by Beth Johnsson
At the end of 2015, it was hard to imagine how Rhea Kara, our youngest ambassador, talented artist and prolific fundraiser, could top the year she’d just had: shortlisted for National Young Fundraiser of the Year, recipient of a PM’s Points of Light award, national press coverage, ambassador for GAP and another 120 canvases painted and sold. Not bad for a ten year old. But 2016 had some surprises in store . . .
Having committed herself to continuing her annual canvas-painting challenge, Rhea set out to again paint 100 canvases in 100 days to be sold at the Abbeville Fete in June. Once again, she more than met the challenge and another wonderful, successful day was had when our two families again sold her artwork at the fete in Clapham.
Meanwhile, Rhea continued her work as our ambassador, promoting the cause at her new school and asking them to support Reverse Rett almost as soon as she arrived! Whilst they are already committed this year, they have promised to support Rhea’s chosen charity next year and there is no doubt that she will hold them to it!
And then things got really exciting. In October, Rhea was invited to meet an art dealer who might be interested in buying some of her paintings. Whilst we knew that Rhea was in fact going to meet Lord Sugar, who would present her with her invitation to the Pride of Britain Awards as the winner of Young Fundraiser of the Year, Rhea had absolutely no idea, either that she would be meeting one of her icons or that she had won the award! It was a priceless moment, thankfully captured on film for use at the awards ceremony.
But Lord Sugar didn’t just give Rhea her invitation, he also set her a task: to paint a canvas which would then be auctioned at the awards event. Rhea got to work, and in the meantime Good Morning Britain and ITV got in touch, wanting to hear about Rhea’s amazing fundraising and to meet the girl who first inspired her to get painting – Hannah. So, at the end of October Rhea and Hannah (and I) made our TV debuts, sharing the sofa and the airwaves with Ben Shephard and Charlotte Hawkins for 3 minutes and having a wonderful time with the whole crew, who quite simply could not have been kinder or made us feel more welcome. My personal highlight was the moment when Hannah casually tried to steal a Danish pastry right out of Esther Rantzen’s hands: that’s my girl!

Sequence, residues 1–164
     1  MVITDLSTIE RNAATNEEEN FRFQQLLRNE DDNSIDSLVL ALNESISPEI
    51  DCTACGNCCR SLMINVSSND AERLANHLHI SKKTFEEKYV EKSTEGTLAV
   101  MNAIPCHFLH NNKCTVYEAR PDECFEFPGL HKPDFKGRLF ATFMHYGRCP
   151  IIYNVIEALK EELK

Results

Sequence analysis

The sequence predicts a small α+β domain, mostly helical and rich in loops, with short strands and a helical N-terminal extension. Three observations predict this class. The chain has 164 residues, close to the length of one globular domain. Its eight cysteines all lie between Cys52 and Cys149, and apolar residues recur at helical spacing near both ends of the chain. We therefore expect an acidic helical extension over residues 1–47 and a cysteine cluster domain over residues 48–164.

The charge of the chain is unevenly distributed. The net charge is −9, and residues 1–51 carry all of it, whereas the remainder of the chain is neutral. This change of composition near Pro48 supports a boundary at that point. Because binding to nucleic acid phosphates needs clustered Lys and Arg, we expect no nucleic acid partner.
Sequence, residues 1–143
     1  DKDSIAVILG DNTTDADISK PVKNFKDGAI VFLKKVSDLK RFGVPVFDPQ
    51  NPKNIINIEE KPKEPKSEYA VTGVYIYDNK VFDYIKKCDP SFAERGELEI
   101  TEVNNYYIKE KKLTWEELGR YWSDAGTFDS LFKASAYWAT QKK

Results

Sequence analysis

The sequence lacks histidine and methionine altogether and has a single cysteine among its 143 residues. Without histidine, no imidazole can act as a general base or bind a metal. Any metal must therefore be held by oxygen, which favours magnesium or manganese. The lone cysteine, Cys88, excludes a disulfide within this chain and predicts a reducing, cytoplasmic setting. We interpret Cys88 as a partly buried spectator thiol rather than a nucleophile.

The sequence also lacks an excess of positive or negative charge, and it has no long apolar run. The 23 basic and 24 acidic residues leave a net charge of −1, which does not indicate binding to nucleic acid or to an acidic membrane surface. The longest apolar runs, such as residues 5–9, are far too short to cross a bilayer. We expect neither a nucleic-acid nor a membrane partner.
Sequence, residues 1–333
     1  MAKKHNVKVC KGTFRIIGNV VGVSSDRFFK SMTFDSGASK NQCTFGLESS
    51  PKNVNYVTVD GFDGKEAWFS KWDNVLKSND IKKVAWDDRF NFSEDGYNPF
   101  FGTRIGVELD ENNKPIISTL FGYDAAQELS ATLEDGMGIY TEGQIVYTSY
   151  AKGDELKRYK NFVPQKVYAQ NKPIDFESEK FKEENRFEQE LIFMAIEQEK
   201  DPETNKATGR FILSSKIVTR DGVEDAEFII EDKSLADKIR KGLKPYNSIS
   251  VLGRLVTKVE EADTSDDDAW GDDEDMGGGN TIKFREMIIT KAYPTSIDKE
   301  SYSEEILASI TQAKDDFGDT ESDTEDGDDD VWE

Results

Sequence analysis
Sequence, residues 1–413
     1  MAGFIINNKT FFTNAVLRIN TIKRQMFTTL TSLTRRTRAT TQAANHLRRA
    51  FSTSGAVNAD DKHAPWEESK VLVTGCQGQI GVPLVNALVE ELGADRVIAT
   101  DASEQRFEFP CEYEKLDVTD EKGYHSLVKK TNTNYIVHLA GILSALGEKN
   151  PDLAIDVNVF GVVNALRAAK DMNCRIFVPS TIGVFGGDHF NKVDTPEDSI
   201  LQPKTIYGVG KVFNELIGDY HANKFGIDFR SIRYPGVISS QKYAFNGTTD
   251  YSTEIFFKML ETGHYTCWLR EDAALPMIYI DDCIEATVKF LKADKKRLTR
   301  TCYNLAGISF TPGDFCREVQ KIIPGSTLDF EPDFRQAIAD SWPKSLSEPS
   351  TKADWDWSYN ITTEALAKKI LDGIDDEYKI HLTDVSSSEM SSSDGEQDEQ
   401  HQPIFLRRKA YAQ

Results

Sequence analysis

Ten days later the excitement continued as the day of the awards ceremony itself dawned. Rhea and her family attended a winners’ dinner the night before, and then I was privileged to join them for the awards ceremony and an incredible night of inspirational stories, high emotion and sparkling gowns! In true down-to-earth, humble fashion, Rhea was un-phased by the multitudes of celebs or by the glitz and glamour, and certainly held her own on stage alongside Ben Shepard, Susanna Reid, Ant and Dec, and Spice Girls Geri Halliwell and Emma Bunton!
Of course, Rhea had more than met Lord Sugar’s task and had in fact painted two gorgeous canvases to be auctioned on the night, and when Simon Cowell and Louis Tomlinson both ended up paying £15,000 each, the crowd (and we!) were absolutely delighted! Both have now ‘paid up’ and have left lovely messages of support for Rhea, not to mention making those of us who have her art hanging on our walls, at slightly less cost, feel rather smug!
It was an incredible night with so many highlights – too many to mention – but I know that both Rhea and I felt particularly overwhelmed and privileged to stand alongside the GB Olympic and Paralympic Teams, and the incomparable Stephen Hawking. Moments like this will be remembered always. And yet the highlights didn’t stop there, as the very next morning Rhea and her family were whisked off to Downing Street along with the other Pride of Britain winners, to meet Theresa May and have a tour of the famous building. Here, Rhea was again inspired and moved by the other winners, and an idea began to form . . .
Rhea decided that she wanted to paint each of the other winners a canvas which would reflect their story in some way, as a gift for Christmas. In less than a month, she has completed each of these paintings ready to post out across the country, from one Pride of Britain winner to another. Priceless.
There is no doubt that the past few weeks have been a whirlwind of excitement and that it has been an absolute privilege to share some of it with Rhea and her amazing family. The celebs and the glitz and the glamour have been fun of course, but the most exciting, exhilarating part of all is what Rhea has done for our girls and for Reverse Rett: she has raised the profile, she has put the name into the heads of people who had never before heard of Rett, and she has inspired others to do whatever they can to help. And all with such humility and grace. When interviewed about Rhea as part of the VT for the awards night, I was asked probably one of the easiest questions I’ve ever had to answer: ‘do we need more people like Rhea in this world?’ Yes, yes, yes.